<< problem 113 - Non-bouncy numbers Counting block combinations II - problem 115 >>

# Problem 114: Counting block combinations I

A row measuring seven units in length has red blocks with a minimum length of three units placed on it,
such that any two red blocks (which are allowed to be different lengths) are separated by at least one black square.
There are exactly seventeen ways of doing this.

How many ways can a row measuring fifty units in length be filled?

NOTE: Although the example above does not lend itself to the possibility, in general it is permitted to mix block sizes.
For example, on a row measuring eight units in length you could use red (3), black (1), and red (4).

# Algorithm

This is a nice Dynamic Programming problem:
- if there are less than three cells available then all must be black (1 solution)
- else: the next cell can be black (return count[space - 1])
- or: the next cells can be red, try all possible lengths and add count[space - block]

The algorithm examines most row lengths multiple times but memoizing the results in solutions keeps the running time well below 0.01 seconds.

## Modifications by HackerRank

My approach needs a bit of memory. Hackerrank has inputs up to 10^18 which clearly exceed the RAM size of a desktop PC.
[TODO] find closed formula

# My code

… was written in C++11 and can be compiled with G++, Clang++, Visual C++. You can download it, too.

The code contains #ifdefs to switch between the original problem and the Hackerrank version.
Enable #ifdef ORIGINAL to produce the result for the original problem (default setting for most problems).

       #include <iostream>
#include <vector>

#define ORIGINAL

// memoized solutions
const long long Unknown = -1;
std::vector<long long> solutions;

// print result modulo some number
#ifndef ORIGINAL
const unsigned long long Modulo = 1000000007;
#endif

// find result for row with a certain length
unsigned long long count(unsigned long long space, unsigned int minBlockLength)
{
// finished ?
if (space == 0)
return 1;

if (solutions[space] != Unknown)
return solutions[space];

// one option is to leave the next cell black
auto result = count(space - 1, minBlockLength);
// insert red blocks at the current position with all possible spaces
for (auto block = minBlockLength; block <= space; block++)
{
// how much is left after inserting ?
auto next = space - block;
// must be followed by a black cell
if (next > 0)
next--;

// count all combinations
result += count(next, minBlockLength);
}

// Hackerrank only
#ifndef ORIGINAL
result %= Modulo;
#endif

// memoize result
solutions[space] = result;
return result;
}

int main()
{
// minimum length of each red block
unsigned int       minBlockLength =  3;
// size of the whole row
unsigned long long totalLength    = 50;
std::cin >> totalLength >> minBlockLength;

// cached results
solutions.resize(totalLength + 1, Unknown);

// let's go !
std::cout << count(totalLength, minBlockLength) << std::endl;

return 0;
}


This solution contains 13 empty lines, 16 comments and 7 preprocessor commands.

# Interactive test

You can submit your own input to my program and it will be instantly processed at my server:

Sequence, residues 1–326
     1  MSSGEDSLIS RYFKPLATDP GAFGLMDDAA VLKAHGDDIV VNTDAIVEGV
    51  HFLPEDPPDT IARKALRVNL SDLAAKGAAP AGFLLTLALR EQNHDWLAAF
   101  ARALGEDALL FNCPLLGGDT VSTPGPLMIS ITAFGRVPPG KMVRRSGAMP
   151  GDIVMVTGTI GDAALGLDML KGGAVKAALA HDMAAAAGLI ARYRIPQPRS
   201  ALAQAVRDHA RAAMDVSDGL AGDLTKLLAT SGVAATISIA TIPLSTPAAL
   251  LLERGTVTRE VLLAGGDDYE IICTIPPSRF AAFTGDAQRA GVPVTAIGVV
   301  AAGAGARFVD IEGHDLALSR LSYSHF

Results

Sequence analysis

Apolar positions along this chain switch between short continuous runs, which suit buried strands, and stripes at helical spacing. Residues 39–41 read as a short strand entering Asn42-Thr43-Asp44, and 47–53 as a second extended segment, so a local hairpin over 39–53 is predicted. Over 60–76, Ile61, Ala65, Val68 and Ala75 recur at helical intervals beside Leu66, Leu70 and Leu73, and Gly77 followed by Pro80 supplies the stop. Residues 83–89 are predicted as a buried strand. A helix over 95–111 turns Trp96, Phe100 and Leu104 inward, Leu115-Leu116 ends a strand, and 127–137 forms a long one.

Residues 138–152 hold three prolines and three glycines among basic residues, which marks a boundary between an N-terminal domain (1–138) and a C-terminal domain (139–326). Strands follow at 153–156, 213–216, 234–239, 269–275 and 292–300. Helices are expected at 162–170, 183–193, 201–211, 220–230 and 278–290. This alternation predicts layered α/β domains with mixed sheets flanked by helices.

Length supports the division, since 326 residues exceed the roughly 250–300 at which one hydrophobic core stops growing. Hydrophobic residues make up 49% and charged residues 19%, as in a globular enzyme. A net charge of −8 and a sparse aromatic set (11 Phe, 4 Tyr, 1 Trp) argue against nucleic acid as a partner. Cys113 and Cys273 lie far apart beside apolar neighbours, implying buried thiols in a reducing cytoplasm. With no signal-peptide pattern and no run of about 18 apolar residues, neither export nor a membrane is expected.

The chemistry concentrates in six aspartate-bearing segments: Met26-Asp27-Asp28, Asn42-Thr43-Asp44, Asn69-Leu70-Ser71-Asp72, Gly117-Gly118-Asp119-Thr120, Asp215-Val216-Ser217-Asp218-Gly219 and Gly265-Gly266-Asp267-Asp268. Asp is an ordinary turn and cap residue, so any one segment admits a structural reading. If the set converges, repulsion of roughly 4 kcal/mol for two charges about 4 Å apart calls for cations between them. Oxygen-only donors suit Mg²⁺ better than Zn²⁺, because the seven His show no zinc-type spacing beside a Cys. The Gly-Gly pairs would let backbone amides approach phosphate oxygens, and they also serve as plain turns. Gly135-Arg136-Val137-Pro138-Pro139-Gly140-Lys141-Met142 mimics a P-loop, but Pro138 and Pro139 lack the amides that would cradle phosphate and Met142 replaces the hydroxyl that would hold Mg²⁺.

Input data (separated by spaces or newlines):
Note: Enter the total length of the row and the minimum length of each red block

This is equivalent to
echo "7 3" | ./114

Output:

Note: the original problem's input 50 3 cannot be entered
because just copying results is a soft skill reserved for idiots.

(this interactive test is still under development, computations will be aborted after one second)

# Benchmark

The correct solution to the original Project Euler problem was found in less than 0.01 seconds on a Intel® Core™ i7-2600K CPU @ 3.40GHz.
(compiled for x86_64 / Linux, GCC flags: -O3 -march=native -fno-exceptions -fno-rtti -std=c++11 -DORIGINAL)

See here for a comparison of all solutions.

Note: interactive tests run on a weaker (=slower) computer. Some interactive tests are compiled without -DORIGINAL.

# Changelog

May 13, 2017 submitted solution

# Hackerrank

My code solved 3 out of 20 test cases (score: 12.5%)

I failed 0 test cases due to wrong answers and 17 because of timeouts

# Difficulty

Project Euler ranks this problem at 35% (out of 100%).

Hackerrank describes this problem as medium.

Note:
Hackerrank has strict execution time limits (typically 2 seconds for C++ code) and often a much wider input range than the original problem.
In my opinion, Hackerrank's modified problems are usually a lot harder to solve. As a rule thumb: brute-force is never an option.

projecteuler.net/thread=114 - the best forum on the subject (note: you have to submit the correct solution first)

Code in various languages:

Python: www.mathblog.dk/project-euler-114-fill-row-with-blocks/ (written by Kristian Edlund)
Java: github.com/nayuki/Project-Euler-solutions/blob/master/java/p114.java (written by Nayuki)
Scala: github.com/samskivert/euler-scala/blob/master/Euler114.scala (written by Michael Bayne)

# Heatmap

green problems solve the original Project Euler problem and have a perfect score of 100% at Hackerrank, too.
yellow problems score less than 100% at Hackerrank (but still solve the original problem).
gray problems are already solved but I haven't published my solution yet.
blue problems are already solved and there wasn't a Hackerrank version of it (at the time I solved it) or I didn't care about it because it differed too much.

Please click on a problem's number to open my solution to that problem:

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The 126 solved problems had an average difficulty of 16.0% at Project Euler and I scored 11,074 points (out of 12500) at Hackerrank's Project Euler+.
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